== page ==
Fellow poets and lovers of poetry, take heart—our art is relevant again! Though not necessarily for the right reasons.
The 2015 edition of the Best American Poetry series, recently published by Scribner and edited by the Native-American writer Sherman Alexie, includes a work by Yi-Fen Chou. When Alexie selected the poem, he believed that Yi-Fen Chou was, as he put it, “a brown-skinned poet.” But Yi-Fen Chou is actually Michael Derrick Hudson, a white dude from Indiana.
You no doubt remember Hudson’s poems, published under his real name, from the March issue of Poetry, and were especially impressed by the subject matter of “End of Days Advice from an Ex-zombie.” In the biographical note at the end of Best American Poetry, Hudson explains that he used the pen name because he was having too much trouble being published as a white man. When he submitted the poem under his real name, it was rejected by 40 journals; when he submitted it under his pen name, it was only rejected by nine.
Readers will have two responses to this number of rejections: 1) What tenacity! 2) There are 50 poetry journals?
Hudson’s critics have pointed out that his choice of pseudonyms insults living, breathing Asian writers, who have struggled to have their work recognized. One poet claims that his action “categorically diminished all of our accomplishments as Asian Americans.”
Alexie, too, has come under fire for including the poem even after he learned the truth about this act of “yellowface” (as one Twitter user put it.) In a long blog post, Alexie admits that he “was more amenable to the poem because [he] thought the author was Chinese American.” He thought he was practicing “racial nepotism” (which is apparently different from racial prejudice) and “literary justice.” But although Alexie was angry to learn of the “colonial theft,” he kept the poem because he did not want to submit to his “own sense of embarrassment.”
Although it’s tempting to embrace anyone who exposes the absurdities of the literary establishment, Hudson is far from a sympathetic figure. This isn’t like the Sokal Hoax of 1996, in which a physicist snuck a parody of a post-modern argument into the esteemed journal Social Text, revealing the excessiveness of academic fads in the process. Hudson was not trying to prove a point about the arbitrary nature of editorial decisions or political correctness; he was just trying to get his poem published.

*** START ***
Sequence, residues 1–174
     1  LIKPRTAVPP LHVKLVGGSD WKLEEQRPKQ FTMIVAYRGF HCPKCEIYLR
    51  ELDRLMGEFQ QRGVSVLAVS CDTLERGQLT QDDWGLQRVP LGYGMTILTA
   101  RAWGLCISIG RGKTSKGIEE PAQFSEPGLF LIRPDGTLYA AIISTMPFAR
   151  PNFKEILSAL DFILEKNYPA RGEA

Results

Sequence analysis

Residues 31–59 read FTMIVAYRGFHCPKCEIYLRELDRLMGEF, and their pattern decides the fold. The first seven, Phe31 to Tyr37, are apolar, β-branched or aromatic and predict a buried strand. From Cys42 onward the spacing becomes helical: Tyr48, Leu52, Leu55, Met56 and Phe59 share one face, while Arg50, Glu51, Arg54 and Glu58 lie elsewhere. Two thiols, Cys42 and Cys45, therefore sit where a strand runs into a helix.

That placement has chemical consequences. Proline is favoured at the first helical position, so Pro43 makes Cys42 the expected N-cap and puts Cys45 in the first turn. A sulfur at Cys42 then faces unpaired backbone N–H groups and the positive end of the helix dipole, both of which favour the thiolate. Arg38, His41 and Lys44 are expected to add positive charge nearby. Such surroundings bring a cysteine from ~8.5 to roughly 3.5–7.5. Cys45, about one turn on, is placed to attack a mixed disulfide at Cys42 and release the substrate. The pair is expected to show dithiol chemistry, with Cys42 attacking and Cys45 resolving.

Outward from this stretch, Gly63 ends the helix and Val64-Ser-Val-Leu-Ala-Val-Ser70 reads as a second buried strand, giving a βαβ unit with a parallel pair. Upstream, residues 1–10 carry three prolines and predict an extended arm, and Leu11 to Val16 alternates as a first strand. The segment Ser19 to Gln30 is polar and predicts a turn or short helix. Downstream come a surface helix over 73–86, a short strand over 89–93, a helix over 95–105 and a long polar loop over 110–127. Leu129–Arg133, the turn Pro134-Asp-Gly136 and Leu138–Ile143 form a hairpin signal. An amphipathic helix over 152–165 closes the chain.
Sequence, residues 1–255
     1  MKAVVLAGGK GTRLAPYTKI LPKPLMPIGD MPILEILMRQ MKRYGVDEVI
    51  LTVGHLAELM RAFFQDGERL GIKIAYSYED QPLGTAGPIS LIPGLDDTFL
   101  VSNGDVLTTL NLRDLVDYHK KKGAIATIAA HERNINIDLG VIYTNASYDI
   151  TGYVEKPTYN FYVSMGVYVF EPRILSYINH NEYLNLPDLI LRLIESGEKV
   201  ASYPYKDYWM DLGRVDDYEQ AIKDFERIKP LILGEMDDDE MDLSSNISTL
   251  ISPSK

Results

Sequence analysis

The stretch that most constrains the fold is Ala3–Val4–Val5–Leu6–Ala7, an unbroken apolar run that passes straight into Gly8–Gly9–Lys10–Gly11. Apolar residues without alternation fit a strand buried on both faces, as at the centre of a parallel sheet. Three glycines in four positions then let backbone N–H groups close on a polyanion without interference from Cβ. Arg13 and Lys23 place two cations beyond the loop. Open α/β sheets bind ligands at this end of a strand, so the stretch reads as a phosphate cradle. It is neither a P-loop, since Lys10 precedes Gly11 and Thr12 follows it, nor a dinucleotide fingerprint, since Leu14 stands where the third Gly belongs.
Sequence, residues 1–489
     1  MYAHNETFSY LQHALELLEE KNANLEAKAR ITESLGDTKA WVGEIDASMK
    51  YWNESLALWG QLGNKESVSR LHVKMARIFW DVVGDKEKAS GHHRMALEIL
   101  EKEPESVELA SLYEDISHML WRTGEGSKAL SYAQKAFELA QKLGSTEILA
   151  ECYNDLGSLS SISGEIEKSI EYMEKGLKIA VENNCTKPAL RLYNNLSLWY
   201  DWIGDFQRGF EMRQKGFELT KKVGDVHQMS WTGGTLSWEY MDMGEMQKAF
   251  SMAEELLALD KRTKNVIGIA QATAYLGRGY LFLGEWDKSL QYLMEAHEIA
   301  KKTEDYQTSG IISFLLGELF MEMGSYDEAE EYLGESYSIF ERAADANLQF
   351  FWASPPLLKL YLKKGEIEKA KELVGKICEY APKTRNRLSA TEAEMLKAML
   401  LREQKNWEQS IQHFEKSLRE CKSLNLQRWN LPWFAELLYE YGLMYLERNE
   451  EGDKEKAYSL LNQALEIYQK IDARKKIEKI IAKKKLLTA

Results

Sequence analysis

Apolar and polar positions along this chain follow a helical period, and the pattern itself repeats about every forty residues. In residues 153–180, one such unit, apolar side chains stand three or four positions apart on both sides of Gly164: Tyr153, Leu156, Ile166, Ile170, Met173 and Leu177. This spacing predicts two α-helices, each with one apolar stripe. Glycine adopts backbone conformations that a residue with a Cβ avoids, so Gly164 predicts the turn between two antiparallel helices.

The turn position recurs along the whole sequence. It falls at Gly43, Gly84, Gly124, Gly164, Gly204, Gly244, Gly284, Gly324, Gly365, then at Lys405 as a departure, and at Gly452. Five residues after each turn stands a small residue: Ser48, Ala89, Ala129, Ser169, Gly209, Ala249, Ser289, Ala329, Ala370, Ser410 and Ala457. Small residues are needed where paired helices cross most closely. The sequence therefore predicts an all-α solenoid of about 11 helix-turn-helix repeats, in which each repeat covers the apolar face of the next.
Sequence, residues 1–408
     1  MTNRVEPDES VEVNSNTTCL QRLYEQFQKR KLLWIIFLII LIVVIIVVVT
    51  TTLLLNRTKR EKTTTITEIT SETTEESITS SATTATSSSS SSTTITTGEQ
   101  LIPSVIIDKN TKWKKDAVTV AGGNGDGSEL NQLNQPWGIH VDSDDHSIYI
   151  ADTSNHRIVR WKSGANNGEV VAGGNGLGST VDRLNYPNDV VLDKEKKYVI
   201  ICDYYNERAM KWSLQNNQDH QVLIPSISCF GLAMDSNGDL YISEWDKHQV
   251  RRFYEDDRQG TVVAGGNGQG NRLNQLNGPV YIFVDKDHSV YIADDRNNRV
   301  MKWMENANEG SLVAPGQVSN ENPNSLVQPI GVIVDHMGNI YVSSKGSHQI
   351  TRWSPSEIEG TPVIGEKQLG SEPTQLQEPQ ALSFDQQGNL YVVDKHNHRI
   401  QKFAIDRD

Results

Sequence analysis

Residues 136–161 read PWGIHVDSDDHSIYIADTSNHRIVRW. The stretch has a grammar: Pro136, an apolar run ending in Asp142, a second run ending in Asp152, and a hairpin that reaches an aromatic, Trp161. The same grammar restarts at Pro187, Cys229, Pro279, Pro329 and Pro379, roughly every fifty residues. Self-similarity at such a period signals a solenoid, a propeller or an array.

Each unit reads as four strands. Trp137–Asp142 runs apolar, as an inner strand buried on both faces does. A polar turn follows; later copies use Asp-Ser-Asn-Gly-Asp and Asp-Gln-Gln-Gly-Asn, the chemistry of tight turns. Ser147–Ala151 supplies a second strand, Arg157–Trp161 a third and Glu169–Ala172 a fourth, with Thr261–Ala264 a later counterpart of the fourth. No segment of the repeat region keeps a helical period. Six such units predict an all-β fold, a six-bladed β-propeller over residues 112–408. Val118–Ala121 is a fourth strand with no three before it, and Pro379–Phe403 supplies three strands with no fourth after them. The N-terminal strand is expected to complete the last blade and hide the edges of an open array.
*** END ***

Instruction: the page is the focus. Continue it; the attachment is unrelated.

And Hudson’s cultural cluelessness is astonishing. Surely he knew that his poetic peers would see this as an act of white privilege and cultural appropriation. The terms may be overwrought, but the critics have a good point. Granted, it’s not quite cheap labor on the railroad. But he did assume an Asian identity to overcome the supposed disadvantage of being white.
As a white man whose poetry has been rejected more often than the Roxbury Guys, even I have to say that Hudson’s pseudonym was a dirty trick and that his complaints about publication sound a lot like whining. True, things aren’t what they used to be for white male poets. But it’s not as if female and minority bards are eating caviar in the back of their limos as pale scribblers of the patriarchy are scrounging for adjunct positions. Besides, it is an un-written rule that no white man should ever complain about the burdens of being a white man (except to other white men in sound-proof rooms).
If Hudson wanted to disguise his identity, he had standard literary conventions at his disposal that would not have so grossly misled editors and readers. The most obvious one is to simply use initials. Think T.S. Eliot, H.D., P.K. Page, and T.J. Hooker. W.S. (William Stanley) Merwin does it now. So does A.E. (Alicia Elsbeth) Stallings. M.D. Hudson could be a white man or a black woman. This ambiguity is preferable to the intentionally deceptive specificity that Hudson chose.
All of this controversy raises a classic question about poetic identity: How much does a poet’s personal life and identity affect our understanding of his or her poems? The classic test case is Ezra Pound, who made treasonous broadcasts during World War II and was imprisoned by the U.S. Army, but was awarded a major prize by the Library of Congress in 1948. His poetry was deemed a thing apart, to be judged on its own terms.